The Braves system has been thinned considerably due to Major League promotions and prospects included in trades the last couple of years. As always though, the Braves player development people are keeping the line moving and finding talent in new places.
This year, in addition to ranking the prospects in order from 1 to 30, I will also be assigning a letter grade to each prospect from A to C based on how I see their current prospect stock. This will hopefully give you a better idea of what I think of a prospect even though they may be ranked higher or lower than you would expect. Here is a quick description of what each letter grade means:
A+: Future All-Star and top-tier player. I consider him a can’t-miss prospect.
A: A first division player, and occasional All-Star, who assumes an invaluable role on the team.
A-: A possible first division player who plays an important starting role on the team.
B+: A solid above average player with the potential to be more.
B: An important everyday role player or supporting member of the rotation or pen.
B-: Prospect potential is there for a higher grade, but needs work and experience.
C+: Solid prospect with potential to be more, but currently just a fringe player.
C: Has a tool or two that could be useful in the Majors, or needs more time in the minors to determine what kind of prospect they will be. a.k.a. The holding tank of talent.
Another note about how I rank players: I look for potential plus proximity to the Majors, and I combine what other talent evaluators have written about these players with what I’ve seen from them in person. I also pay attention to what the stats tell me, but I’ve learned that minor league stats can be misleading at some levels. I tend to shy away from players below A-ball, and I also tend to rank too many relievers. With these things in mind, here are the gondeee.com Braves mid-season top-30 prospects.
1. Lucas Sims, RHP (Grade A): One of the youngest players in the Sally League (low-A), the Braves are easing him into full season ball and watching his innings. He’s been impressive so far, and it should only get better. He’s got a classic big and strong pitcher’s body with fluid and easily repeatable mechanics. He has all the tools to be a top-of-the-rotation starter.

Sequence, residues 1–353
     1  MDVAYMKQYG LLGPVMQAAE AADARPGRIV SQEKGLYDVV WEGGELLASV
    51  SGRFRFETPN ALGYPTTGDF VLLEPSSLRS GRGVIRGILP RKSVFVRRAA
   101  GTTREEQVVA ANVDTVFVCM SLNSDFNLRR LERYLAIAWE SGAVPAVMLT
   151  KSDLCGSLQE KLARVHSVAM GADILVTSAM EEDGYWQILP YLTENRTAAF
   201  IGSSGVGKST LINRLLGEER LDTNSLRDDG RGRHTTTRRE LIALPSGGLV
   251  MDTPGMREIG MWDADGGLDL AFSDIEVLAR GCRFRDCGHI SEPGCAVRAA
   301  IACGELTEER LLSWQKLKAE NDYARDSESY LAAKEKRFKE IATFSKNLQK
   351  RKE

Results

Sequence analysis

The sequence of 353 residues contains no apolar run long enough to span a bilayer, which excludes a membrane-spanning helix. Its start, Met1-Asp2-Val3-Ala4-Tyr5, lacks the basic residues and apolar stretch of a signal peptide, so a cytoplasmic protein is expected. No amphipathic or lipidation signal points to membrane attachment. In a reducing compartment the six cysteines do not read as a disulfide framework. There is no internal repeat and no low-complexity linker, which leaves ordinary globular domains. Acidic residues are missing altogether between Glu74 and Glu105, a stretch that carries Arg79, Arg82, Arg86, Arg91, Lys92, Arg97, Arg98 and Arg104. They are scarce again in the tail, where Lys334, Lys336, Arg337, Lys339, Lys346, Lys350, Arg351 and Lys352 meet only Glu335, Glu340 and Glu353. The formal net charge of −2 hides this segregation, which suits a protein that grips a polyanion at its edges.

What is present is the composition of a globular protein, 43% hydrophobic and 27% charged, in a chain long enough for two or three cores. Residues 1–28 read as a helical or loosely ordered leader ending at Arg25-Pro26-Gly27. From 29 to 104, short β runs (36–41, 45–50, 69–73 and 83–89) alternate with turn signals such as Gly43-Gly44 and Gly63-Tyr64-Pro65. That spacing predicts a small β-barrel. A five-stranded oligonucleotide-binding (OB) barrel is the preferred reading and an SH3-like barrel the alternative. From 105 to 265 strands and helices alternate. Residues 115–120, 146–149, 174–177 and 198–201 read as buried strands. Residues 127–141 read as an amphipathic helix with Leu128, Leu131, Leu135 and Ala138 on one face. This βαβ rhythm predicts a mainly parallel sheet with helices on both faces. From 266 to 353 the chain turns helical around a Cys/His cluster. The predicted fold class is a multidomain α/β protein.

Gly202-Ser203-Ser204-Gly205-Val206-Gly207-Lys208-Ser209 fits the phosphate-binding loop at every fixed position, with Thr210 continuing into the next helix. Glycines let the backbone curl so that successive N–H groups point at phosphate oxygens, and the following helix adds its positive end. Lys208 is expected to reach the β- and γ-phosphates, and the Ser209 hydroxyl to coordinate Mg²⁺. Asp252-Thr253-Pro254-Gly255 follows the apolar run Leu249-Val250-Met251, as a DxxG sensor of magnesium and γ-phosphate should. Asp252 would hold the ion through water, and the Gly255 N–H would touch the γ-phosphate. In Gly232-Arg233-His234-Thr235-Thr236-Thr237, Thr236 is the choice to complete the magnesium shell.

2. Alex Wood, LHP (Grade A): Already one of the top pitchers in the system entering the season, he learned a knuckle curve from talking with Craig Kimbrel and Jonny Venters in spring training. This gives him the depth of pitches to be a top-of-the-rotation starter or dominant setup man. While the Braves have needed him in relief this year, they could let him compete for a rotation spot in 2014, in much the same way that the Cardinals brought up Adam Wainwright.
3. J.R. Graham, RHP (Grade A): Powerful punch in a small package. He’s got top of the rotation stuff, but will still need some work to put it all together. He’s been out for over a month with a sore shoulder that is becoming a bit concerning. Because he is such a hard thrower for a smaller guy there have been some whispers that he could be injury prone.
4. Jason Hursh, RHP (Grade B+): The Braves 2013 first round pick is a hard throwing college righty. The jury is still out on whether he will be a starter or a reliever, but the Braves will likely work him as a starter to begin with so that they can develop his off-speed pitches. Expect him to follow a path similar to previous highly drafted college pitchers Alex Wood, Sean Gilmartin, and Mike Minor. His power fastball potential makes him more exciting than any of those guys — but we still need to see what he does as he moves up the ladder.
5. Joey Terdoslavich, OF (Grade B+): The switch-hitting Joey Doubles is starting to turn some of those two-baggers into home runs, and becoming quite an exciting prospect again. His history indicates that he needs time to adjust to a new level, so that newfound power may not present itself at the Major League level initially, but should show up down the road.
6. Edward Salcedo, 3B (Grade B): A frustrating or amazing prospect, depending on which day you see him. He’s starting to rein in the inconsistency, and has improved each year in pro ball as he’s moved up the ladder. The Braves will continue to push him up the ladder, and he will get a long look next spring.